World middleweight champion Marvin Hagler kept that title tonight, belaboring former champion Vito Antuofermo for four rounds and being awarded a fifth-round technical knockout.

Hager dominated throughout and was declared winner after Antuofermo, bleeding profusely from facial cuts, failed to answer the bell for round five.

Referee Davey Pearl said it was Antuofermo's corner, not he, that stopped the fight.

"I thought the fight could have continued," Pearl said later.

Antuofermo said he wanted to continue but his managers would not permit it.

Hagler, in a postfight press conference, said, "I wasn't looking to cut Antuofermo up. I was only looking to win.

"All I'm looking for is to show the people I'm a real champion and I'm going to be a champion for a long time."

Hagler, a left-hander with a 52-2-2 record and 43 knockouts, has developed a reputation as a cool, calculating and patient fighter and it showed in his handling of the man who fought him to a draw in November 1979 when Antuofermo was champion.

Attacking with an assortment of punishing punches and jabs, Hagler won every one of the four rounds on referee Pearl's score card.

"I scored it a shutout for Hagler," said Pearl.

Antuofermo, who has had chronic problems with cuts in fights in recent years, began bleeding profusely tonight 30 seconds into the first round. Pearl said later the cut was caused by a head butt, but that it was Antuofermo's own doing. "I told him so at the time and he seemed to accept it," Pearl said.

But at the end of the round, from Antuofermo's corner, Panama Lewis and Freddie Brown charged into the ring protesting vigorously to Pearl that in fact Hagler had committed a foul. r

Their protests delayed the start of the second round for about a minute and Pearl had the option of stopping the fight and declaring Hagler the winner.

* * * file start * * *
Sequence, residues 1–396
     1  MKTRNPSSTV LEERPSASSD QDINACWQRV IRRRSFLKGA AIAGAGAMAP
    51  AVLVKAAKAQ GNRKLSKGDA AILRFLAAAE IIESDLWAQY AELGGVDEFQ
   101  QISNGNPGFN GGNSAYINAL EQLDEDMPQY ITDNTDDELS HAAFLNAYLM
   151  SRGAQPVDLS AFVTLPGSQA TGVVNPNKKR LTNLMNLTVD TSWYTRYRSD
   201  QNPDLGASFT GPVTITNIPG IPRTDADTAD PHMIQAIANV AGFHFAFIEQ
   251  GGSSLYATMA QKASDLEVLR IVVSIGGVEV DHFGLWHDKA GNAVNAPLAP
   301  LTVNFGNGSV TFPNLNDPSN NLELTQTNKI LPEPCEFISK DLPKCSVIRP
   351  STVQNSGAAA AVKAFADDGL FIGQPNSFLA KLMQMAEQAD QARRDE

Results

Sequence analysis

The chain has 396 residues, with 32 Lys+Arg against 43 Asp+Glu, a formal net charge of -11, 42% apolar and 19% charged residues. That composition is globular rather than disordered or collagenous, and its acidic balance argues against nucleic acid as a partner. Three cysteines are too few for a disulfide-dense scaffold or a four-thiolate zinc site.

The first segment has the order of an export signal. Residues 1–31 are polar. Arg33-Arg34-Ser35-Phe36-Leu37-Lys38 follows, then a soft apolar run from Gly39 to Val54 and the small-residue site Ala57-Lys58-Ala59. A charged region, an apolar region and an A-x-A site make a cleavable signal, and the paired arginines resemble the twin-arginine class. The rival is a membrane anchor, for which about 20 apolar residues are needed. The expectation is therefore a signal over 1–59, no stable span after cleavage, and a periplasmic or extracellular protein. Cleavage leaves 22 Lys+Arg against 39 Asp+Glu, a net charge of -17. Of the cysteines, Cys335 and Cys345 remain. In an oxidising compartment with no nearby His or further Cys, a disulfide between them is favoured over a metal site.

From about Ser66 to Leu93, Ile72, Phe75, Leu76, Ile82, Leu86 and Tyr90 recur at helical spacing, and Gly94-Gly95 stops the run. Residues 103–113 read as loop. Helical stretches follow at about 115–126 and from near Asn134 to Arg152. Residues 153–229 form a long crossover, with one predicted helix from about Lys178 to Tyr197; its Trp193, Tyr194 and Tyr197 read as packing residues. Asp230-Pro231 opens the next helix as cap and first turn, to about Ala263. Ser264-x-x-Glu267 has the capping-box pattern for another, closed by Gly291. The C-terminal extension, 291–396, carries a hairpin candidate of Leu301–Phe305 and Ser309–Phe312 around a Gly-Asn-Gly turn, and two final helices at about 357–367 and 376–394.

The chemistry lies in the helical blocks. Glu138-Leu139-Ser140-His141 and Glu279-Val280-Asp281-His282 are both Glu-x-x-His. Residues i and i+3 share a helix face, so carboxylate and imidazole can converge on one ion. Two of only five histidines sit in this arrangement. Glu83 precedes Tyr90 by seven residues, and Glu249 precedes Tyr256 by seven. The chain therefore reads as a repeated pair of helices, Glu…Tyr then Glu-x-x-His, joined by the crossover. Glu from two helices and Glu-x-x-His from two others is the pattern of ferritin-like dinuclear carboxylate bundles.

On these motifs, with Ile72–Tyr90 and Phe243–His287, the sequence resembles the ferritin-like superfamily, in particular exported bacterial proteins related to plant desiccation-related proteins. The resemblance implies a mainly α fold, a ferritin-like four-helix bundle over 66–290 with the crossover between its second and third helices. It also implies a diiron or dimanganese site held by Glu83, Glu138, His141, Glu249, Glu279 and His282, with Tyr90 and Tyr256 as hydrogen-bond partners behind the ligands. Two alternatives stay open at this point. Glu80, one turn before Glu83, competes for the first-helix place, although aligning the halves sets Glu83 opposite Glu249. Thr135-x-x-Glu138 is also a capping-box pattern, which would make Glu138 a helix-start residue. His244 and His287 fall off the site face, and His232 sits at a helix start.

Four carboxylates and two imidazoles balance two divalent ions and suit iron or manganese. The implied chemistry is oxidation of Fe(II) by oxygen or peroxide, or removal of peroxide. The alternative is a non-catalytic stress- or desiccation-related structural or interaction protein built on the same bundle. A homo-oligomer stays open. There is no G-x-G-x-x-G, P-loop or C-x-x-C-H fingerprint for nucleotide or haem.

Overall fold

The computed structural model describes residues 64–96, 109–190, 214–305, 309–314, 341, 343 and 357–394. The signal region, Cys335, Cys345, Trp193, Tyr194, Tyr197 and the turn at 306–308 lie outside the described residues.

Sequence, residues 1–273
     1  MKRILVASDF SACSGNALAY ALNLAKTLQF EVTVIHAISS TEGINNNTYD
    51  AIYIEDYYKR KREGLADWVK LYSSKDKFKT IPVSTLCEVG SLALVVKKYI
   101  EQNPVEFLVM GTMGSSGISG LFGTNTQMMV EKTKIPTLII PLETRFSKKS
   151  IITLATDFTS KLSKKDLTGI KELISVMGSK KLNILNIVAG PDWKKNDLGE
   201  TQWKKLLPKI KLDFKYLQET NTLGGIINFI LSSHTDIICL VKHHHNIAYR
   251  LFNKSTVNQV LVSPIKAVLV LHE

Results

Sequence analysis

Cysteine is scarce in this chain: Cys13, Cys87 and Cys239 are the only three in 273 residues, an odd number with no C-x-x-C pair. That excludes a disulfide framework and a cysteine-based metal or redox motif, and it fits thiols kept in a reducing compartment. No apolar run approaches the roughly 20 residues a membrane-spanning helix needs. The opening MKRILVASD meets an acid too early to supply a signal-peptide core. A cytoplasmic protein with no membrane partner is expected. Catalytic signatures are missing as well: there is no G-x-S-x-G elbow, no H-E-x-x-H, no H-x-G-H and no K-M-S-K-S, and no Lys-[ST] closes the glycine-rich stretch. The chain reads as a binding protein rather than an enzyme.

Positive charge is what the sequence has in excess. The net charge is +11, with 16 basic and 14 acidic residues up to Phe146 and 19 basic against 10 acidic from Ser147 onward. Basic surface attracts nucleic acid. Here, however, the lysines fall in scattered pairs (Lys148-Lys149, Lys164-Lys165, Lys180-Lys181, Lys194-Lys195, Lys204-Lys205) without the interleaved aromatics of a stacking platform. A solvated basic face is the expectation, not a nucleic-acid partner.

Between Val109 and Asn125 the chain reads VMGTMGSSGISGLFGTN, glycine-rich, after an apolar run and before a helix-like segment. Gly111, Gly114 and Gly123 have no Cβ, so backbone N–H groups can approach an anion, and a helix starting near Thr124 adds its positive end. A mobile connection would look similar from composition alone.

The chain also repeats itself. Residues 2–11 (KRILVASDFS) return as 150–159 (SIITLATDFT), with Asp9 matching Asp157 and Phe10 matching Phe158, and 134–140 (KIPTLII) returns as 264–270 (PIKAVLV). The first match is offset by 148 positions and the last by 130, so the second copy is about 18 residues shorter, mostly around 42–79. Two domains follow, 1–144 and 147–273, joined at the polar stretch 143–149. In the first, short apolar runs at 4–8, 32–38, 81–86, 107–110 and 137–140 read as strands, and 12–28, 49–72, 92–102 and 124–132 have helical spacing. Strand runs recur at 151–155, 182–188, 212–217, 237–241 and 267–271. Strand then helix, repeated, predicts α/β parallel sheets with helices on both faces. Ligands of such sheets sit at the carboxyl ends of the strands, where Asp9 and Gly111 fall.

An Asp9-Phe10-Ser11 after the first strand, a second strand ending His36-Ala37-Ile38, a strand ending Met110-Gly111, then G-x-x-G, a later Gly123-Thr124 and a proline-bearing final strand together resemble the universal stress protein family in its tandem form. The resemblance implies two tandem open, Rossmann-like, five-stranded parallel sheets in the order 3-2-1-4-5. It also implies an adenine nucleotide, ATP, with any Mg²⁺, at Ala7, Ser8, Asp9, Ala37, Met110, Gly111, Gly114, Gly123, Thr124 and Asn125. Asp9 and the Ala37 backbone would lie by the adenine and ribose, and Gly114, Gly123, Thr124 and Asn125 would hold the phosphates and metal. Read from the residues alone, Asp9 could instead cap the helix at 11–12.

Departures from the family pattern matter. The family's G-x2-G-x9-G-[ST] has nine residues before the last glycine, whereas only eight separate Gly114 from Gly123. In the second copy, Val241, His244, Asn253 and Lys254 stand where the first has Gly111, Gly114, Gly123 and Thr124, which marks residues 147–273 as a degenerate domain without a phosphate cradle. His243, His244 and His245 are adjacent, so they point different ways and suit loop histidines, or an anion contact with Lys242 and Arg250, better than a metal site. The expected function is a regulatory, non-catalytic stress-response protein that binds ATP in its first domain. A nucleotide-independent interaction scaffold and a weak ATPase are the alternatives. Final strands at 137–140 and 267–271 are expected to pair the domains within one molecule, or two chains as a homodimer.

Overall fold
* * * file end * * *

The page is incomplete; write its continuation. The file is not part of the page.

"But I hate to do a thing like that in a championship," Pearl said.

In the next three rounds Hagler continued dominant, although Antuofermo fought back courageously, even after being knocked down by a savage left jab early in the third round.

Antuofermo, whose record slipped to 46-6-2, told the media he was butted twice by Hagler, in the first round and in the fourth when a cut was opened over his right cheek.

"It was bad enough getting butted the first round, but then he did it again. I didn't think the butting was that bad until I saw the replay on television."

Pearl said the second butting was caused by Hagler and that he warned the champion about it, threatening to take points away if it occurred again.

But Hagler said it was accidental. He was moving down for a body punch and his head collided with Antuofermo's.

"Those things happen," Hagler said.

Asked if he planned to continue fighting, Antuofermo, who has lost twice to former champion Alan Minter and has seriously considered retiring, said: "I'll have to think about it. I don't know. I'm going to talk to my doctor."

Hagler, cool and suave in a pinstriped suit at the postfight press conference, said he hopes to be matched with Sugar Ray Leonard or Tommy Hearns if they can come up to his weight classification.

A resident of nearby Brockton, home of 1950s heavyweight champion Rocky Marciano, Hagler fought professionally for nearly six years before he gained a championship shot and has been bitter that fighters he considered inferior gained title shots ahead of him.

His first opportunity was the bout that ended in a draw, permitting Antuofermo to retain the title; many believed that Hagler should have been declared the winner. Tonight marked Hagler's second defense since he took the crown from Minter last September.

A prelude to tonight's controversy came this afternoon at the weigh-in when the Massachusetts State Boxing Commission declared Hagler 160 pounds (to Antuofermo's 158 3/4) although the scales read 161 -- one pound over the middleweight maximum.Chairman Walter Byers claimed the scales had not been balanced in advance and the fight went on despite a threat by the Antuofermo camp to cancel. Earlier there was a dispute over the salve Brown uses on the oft-cut former champion.

In preliminary action, Washington middleweight Mike Baker scored a 10-round unanimous decision over southpaw Tony Chiaverini of Kansas City.